Two Sides to Every Millennial: Totally Self-Centered, Yet Truly Socially Conscious

Two Sides to Every Millennial: Totally Self-Centered, Yet Truly Socially Conscious

by Sheila Manokaran

Friends know me for my deep involvement in social work, but also for my strong interest in starting businesses. It may seem contradictory, but I derive great joy both from making money and from giving back to society.

Unlike some friends, though, who have set up social enterprises (e.g. Richardo Chua’s Adrenalin, Society Staples co-founded by Debra Lam), I could never combine the two sides of my personality in a single venture.

SIDE A: Sheila the Entrepreneur

A burgeoning businesswoman

The first business I ran – in Primary 6 – was at the playground, selling corn that I bought from Mustafa Centre and boiled at home. My mum was super supportive of my efforts. My dad, however, got furious because he felt it implied that we didn’t have enough money.

When I was in ITE, I worked at a bazaar stall selling mobile accessories. Eventually, I obtained my own supplies and started stall after stall. I made a lot of money, but there was one pesky problem. Since phone models constantly evolve, their accessories also become obsolete.

Next, I set up a canned drinks stall at the Geylang Serai Ramadan Bazaar. This time, I got my parents and their friends to invest.

Even though I was the one running the business and making profits, my parents wanted control over the operations and revenue. This definitely put a strain on our relationships. But I took away the priceless lesson that doing business with family may not be the best idea for me.

#LetsTalkMillennials millennial dilemma - Sheila Manokaran

Seeking sound advice

To be honest, I’m not sure what enterprise I will start after completing my business degree.

But I connect with and seek advice from other entrepreneurs like Aaron Rylan Keder, a self-made millionaire who has taught me to think bigger and more long-term.

When Aaron mentioned Singapore’s rapidly ageing population, a possible business opportunity came to mind. Back in ITE, I was the president of the Care & Repair Club. We visited one-room flats and installed bedframes and handlebars funded by STEP.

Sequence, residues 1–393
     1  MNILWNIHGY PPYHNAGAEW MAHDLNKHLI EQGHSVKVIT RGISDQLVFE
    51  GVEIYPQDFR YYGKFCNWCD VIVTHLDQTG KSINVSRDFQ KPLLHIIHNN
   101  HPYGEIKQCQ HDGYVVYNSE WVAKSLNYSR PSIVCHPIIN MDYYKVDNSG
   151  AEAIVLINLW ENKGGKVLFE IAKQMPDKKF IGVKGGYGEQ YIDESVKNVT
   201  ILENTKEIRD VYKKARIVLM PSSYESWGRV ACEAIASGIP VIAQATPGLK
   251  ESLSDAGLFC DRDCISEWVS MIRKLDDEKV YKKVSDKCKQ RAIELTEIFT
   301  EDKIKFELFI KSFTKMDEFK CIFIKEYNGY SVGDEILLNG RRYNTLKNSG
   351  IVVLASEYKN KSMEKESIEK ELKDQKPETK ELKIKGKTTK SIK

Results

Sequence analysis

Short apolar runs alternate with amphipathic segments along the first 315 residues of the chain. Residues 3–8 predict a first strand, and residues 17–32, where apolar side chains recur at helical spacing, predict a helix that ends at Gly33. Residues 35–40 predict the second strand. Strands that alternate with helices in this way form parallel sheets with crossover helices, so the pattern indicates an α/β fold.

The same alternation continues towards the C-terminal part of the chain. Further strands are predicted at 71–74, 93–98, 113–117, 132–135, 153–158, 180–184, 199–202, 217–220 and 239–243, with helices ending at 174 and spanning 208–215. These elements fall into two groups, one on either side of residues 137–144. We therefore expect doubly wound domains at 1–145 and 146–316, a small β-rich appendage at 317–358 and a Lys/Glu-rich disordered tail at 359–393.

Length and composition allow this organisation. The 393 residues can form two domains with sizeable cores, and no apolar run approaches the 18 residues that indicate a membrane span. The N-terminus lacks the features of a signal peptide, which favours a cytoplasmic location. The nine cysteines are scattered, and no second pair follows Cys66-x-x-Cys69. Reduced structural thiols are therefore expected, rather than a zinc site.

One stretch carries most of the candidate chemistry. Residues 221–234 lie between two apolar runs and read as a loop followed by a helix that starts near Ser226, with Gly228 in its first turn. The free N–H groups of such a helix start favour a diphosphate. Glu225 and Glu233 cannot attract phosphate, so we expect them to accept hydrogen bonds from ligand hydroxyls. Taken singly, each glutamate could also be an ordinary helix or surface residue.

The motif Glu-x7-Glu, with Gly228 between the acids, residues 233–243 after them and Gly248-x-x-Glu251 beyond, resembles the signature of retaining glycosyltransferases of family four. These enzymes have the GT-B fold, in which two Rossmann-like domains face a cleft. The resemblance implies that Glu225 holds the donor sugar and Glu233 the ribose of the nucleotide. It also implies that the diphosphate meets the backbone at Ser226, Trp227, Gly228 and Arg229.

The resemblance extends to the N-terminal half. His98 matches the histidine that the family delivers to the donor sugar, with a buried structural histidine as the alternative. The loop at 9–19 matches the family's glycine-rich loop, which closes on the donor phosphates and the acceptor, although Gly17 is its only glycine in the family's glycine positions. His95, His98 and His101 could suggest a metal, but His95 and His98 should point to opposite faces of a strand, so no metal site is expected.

Perhaps, in the future, I could turn a profit by supplying those components and meeting the growing demand.

SIDE B: Sheila the Volunteer

The purpose-driven generation

The Singaporean mindset is to focus on money and a good future. Ultimately, though, I believe life is hollow without purpose. Many millennials feel the same. I know someone who gave up a well-paying engineering job in search for more meaning and is now working at MINDS.

I have friends who consider the opportunity cost of volunteering. They choose to spend those hours making money which they can donate.

Not everybody has the motivation or resources to volunteer, so I’m inspired by friends like Owen Tan – a fellow Youth Corps leader – who can juggle volunteering with a full-time job.

On the other hand, I have friends who consider the opportunity cost of volunteering. They choose to spend those hours making money which they can donate.

#LetsTalkMillennials millennial dilemma - Sheila Manokaran

Seasons of volunteering

Personally, I volunteer in seasons, in the sense that I focus on a particular cause only for a period of time before moving on to another.

I’ve worked with all age groups: promoting literacy among disadvantaged children, mentoring and developing youth leaders, improving the living conditions of seniors. I also joined the SAF Volunteer Corps as a bridge watchkeeper, keeping a lookout for passing vessels

Recently I’m drawn to causes that affect people I care about.

I was motivated to lead a contingent for The Purple Parade, making props and costumes for children with intellectual disabilities, because my cousin’s daughter is in MINDS. After learning that a close friend has breast cancer and a childhood neighbour suffers from leukaemia, I made a pledge and shaved my head at Hair for Hope.

Volunteering is as simple as being there for someone who needs you.

Simpler than you think

People think volunteering means signing up for a regular, time-consuming commitment with an organisation. But this is a misconception.

Volunteering is as simple as being there for someone who needs you.

Very often a friend or cousin or neighbour who is feeling down contacts me. All they need is my company or a listening ear, so that’s what I offer. At times I do feel my home is like some kind of counselling centre.

What I’ve discovered is: The best way to lift your own spirits is not to stay home and mope – but to go out and bring joy to someone else.

For more millennial stories, visit the #LetsTalkMillennials page.

#LetsTalkMillennials millennial dilemma - Sheila Manokaran

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